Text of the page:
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Psychosomatics. 1999 Jul-Aug;40(4):293-7.

Psychiatric disorders and survival after lung transplantation.

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University of Iowa, Iowa City 52242, USA.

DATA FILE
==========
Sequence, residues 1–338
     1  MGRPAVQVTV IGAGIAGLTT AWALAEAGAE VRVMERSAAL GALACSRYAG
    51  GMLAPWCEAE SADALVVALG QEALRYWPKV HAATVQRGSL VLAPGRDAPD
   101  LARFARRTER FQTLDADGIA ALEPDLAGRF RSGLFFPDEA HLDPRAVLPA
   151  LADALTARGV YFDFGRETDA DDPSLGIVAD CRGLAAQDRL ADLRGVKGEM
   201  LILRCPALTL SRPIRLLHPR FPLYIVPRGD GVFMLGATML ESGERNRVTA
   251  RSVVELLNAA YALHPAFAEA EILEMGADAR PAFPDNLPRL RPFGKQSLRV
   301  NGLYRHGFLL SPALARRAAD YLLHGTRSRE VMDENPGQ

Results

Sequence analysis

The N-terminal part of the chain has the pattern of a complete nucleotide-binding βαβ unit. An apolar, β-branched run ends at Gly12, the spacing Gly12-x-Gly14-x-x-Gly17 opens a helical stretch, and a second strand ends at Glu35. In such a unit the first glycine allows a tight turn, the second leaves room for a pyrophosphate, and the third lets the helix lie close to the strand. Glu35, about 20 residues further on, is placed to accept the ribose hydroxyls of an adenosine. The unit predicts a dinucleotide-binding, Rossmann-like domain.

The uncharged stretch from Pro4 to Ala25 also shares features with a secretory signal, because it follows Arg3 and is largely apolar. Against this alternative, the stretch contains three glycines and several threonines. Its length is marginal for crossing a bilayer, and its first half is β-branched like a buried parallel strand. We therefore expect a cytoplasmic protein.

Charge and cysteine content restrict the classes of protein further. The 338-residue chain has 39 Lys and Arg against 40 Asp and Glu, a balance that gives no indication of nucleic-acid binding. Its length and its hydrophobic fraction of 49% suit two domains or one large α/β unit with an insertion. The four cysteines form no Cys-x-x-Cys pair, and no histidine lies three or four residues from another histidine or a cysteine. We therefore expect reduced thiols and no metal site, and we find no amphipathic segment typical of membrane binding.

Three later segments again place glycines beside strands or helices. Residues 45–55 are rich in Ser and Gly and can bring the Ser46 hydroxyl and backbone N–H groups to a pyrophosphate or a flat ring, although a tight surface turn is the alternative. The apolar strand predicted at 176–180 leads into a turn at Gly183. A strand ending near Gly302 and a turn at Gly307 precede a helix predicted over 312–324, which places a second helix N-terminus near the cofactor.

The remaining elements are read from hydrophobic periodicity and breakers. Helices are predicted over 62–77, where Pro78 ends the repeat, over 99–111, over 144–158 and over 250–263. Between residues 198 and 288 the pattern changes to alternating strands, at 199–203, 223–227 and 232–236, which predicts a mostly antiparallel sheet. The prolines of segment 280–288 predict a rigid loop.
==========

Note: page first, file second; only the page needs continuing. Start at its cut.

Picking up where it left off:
The 30 patients who underwent lung transplantation between 1990 and 1996 were included in this study, and data were analyzed to find predictors of 1-year survival posttransplantation. All patients were followed throughout the posttransplantation period. Fifteen patients had a pretransplantation diagnosis of an anxiety and/or depressive disorders. Of the 30 patients transplanted, 19 survived 12 months or more, and 11 died less than 12 months posttransplantation. The > 12-month survival group had a mean age of 45.2 years at transplantation, compared with a mean age of 43.0 years in the < 12-month group (NS). The mean Psychosocial Assessment of Candidates for Transplant score and premorbid history of smoking did not differ between the groups. The > 12-month survival group had more psychiatric illness pretransplantation than the < 12-month survival group (56% vs. 27%, P < 0.05). The recipients with a psychiatric history (N = 15) were more likely to survive 1 year posttransplantation than the recipients without a psychiatric history (80% vs. 47%, P < 0.05) and were not significantly different from the recipients without a psychiatric history in terms of episodes of rejection, bronchiolitis obliterans, or noncompliance with treatment. Depression and anxiety are treatable disorders that occur frequently in patients with end-stage lung disease, and a premorbid history of either did not predict a worse outcome posttransplantation in this study of lung transplantation recipients.

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